Winston-Salem, NC (PRWEB) February 26, 2013
Dr. Szczepan Baran, president of the Veterinary Bioscience Institute (http://www.vetbiotech.com), is very pleased to announce his successful gastric bypass models in mice and rats; the workshops are now available to teach this procedure to qualified individuals.
Though research, development and careful manipulations, Dr. Baran has greatly improved the outcome in rodents undergoing gastric bypass surgeries. Dr. Baran’s post surgical survival rate is better than 99%.
Currently, the most effective therapy for the treatment of morbid obesity to induce significant and maintained body weight loss with a proven mortality benefit is bariatric surgery. Rats have always played a significant role as an animal model in obesity and diabetes studies. Recently, a Roux-en-Y gastric bypass rat surgery model has been developed as an obesity treatment model. However, studies have demonstrated that the Roux-en-Y gastric bypass surgical procedure not only leads to significant weight loss but it also leads to complete remission of Type 2 Diabetes Mellitus in 84% of patients. More interestingly, studies have demonstrated that the Type 2 Diabetes resolution occurs before the weight loss, suggesting that insulin sensitivity improves by a process that is independent of weight-loss. However the mechanism behind this remission is not well understood and the rat Roux-en-Y gastric bypass surgery model is being utilized to help understand this mechanism.
The rodent gastric bypass model is important as it closely mimics the weight loss experience in humans, and the model can be studied and manipulated in a controlled setting to infer results for other species. There are a wide variety of gastric bypass models available, and within each model, there are various standards for the surgical procedures. There are other significant considerations, such as the type and amount of pre and post surgical diet and the sex and strain of rodent used. Because of all of these variables, there is a need for standardization for accurate comparison and interpretation of physiologic results. Dr. Baran has refined this procedure, and all its components over last five years in rats and mice.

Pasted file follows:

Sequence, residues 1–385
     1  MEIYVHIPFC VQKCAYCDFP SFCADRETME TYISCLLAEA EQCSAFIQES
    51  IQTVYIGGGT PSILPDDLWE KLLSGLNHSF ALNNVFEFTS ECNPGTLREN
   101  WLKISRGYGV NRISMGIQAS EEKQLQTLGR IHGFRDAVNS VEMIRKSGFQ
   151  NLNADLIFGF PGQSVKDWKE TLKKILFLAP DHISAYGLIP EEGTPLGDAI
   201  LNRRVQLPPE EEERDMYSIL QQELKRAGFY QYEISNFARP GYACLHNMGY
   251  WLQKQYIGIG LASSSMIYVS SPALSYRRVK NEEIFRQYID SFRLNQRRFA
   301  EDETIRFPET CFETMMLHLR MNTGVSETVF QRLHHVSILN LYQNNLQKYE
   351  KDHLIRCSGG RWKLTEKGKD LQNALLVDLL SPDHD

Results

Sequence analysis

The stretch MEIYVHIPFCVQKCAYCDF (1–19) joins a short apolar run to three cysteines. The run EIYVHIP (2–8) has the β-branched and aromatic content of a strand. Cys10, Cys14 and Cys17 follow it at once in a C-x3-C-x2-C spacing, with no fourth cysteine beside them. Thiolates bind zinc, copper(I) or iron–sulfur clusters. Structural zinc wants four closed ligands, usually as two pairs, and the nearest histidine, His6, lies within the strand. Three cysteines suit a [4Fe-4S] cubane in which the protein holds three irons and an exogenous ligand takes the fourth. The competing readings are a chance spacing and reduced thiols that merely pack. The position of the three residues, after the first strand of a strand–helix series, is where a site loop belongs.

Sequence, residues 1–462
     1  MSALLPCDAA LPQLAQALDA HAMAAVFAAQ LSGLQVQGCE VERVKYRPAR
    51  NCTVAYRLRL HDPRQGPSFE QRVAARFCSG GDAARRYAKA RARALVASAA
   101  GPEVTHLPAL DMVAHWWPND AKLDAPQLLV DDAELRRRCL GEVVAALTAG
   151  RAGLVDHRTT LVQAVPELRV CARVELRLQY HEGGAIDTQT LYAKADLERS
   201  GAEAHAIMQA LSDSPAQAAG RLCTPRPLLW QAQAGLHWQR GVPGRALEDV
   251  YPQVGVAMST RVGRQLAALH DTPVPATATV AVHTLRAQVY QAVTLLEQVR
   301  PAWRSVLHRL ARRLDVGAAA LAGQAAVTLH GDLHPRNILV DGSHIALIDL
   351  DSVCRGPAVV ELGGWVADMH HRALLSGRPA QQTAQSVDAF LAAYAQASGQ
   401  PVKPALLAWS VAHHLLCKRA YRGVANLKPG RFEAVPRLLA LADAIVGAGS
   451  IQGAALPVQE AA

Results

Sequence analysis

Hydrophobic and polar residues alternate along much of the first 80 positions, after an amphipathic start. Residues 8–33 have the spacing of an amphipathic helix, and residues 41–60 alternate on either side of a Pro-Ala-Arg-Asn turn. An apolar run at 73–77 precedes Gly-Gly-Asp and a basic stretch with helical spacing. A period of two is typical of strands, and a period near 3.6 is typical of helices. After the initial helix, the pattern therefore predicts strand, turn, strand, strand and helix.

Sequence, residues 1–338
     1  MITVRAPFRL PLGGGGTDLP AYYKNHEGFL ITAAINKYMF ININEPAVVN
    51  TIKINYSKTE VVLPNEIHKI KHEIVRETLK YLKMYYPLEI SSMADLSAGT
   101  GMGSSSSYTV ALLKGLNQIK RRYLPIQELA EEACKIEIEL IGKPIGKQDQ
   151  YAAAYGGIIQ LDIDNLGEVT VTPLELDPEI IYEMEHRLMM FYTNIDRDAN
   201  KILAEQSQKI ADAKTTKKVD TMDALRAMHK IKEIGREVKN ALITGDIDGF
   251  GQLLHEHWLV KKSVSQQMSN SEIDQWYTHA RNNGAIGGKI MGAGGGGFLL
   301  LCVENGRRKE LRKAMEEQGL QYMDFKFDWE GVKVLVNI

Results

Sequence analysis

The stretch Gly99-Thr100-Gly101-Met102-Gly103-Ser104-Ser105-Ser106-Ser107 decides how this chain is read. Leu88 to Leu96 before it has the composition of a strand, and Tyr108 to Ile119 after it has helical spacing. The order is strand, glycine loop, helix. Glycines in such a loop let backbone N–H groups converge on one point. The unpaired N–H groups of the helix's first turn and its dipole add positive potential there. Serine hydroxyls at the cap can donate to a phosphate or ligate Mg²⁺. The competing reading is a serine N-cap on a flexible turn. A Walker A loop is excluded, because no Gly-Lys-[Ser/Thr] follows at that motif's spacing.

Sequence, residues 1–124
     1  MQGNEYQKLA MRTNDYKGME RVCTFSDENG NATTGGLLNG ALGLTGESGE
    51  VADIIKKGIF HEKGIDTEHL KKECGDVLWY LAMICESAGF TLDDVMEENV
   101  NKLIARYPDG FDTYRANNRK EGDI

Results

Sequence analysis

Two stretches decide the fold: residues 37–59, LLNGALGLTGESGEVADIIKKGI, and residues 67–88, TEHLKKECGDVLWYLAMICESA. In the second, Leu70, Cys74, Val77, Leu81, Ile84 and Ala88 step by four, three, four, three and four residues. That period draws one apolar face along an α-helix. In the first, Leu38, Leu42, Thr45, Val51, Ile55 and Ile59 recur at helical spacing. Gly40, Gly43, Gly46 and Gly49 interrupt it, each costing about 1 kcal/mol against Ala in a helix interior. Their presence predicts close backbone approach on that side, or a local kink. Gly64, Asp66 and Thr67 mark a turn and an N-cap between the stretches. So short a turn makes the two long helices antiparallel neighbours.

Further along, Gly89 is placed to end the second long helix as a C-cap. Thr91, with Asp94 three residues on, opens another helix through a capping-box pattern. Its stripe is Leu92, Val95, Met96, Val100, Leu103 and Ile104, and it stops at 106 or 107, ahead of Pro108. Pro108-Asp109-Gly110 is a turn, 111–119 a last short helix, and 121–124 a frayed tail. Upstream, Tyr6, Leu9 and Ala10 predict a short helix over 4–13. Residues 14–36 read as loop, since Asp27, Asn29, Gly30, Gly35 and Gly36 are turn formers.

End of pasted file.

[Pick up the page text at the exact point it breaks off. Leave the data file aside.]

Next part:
The Veterinary Bioscience Institute is thrilled to announce that Dr. Baran will now be teaching his successful surgical techniques, including Roux-en-Y-Gastric Bypass, vertical gastrectomy with duodenal switch, vertical gastrectomy, and adjustable gastric band at the Wake Forest University. This technique, since it is complicated and involved, will only be taught at small, private workshops at this point.
“The applications for this research model are innumerable, and there will be countless humans that benefit from the dispersal this technique and the research insights gained from its use,” states Dr. Baran.
“Dr. Baran is a meticulous surgeon with a reputation for excellence,” states Dr. Marcel Perret-Gentil, DVM, MS, University Veterinarian and Director for the Laboratory Animal Resources Center at the University of Texas at San Antonio. “I have personally observed Dr. Baran perform these difficult surgeries with incredible talent, but even if I hadn’t, if he has decided that his model is good enough to teach to other institutions, then I know it is a wonderful model."
The Veterinary Bioscience Institute is located at the Piedmont Triad Research Park in Winston Salem, NC. VBI is committed to the reduction, refinement and replacement of animal models in the laboratory animal field.
For more information on the workshops, please contact Dr. Szczepan Baran at szczepanb(at)vetbiotech(dot)com.
Read the full story at http://www.prweb.com/releases/2013/2/prweb10467443.htm.
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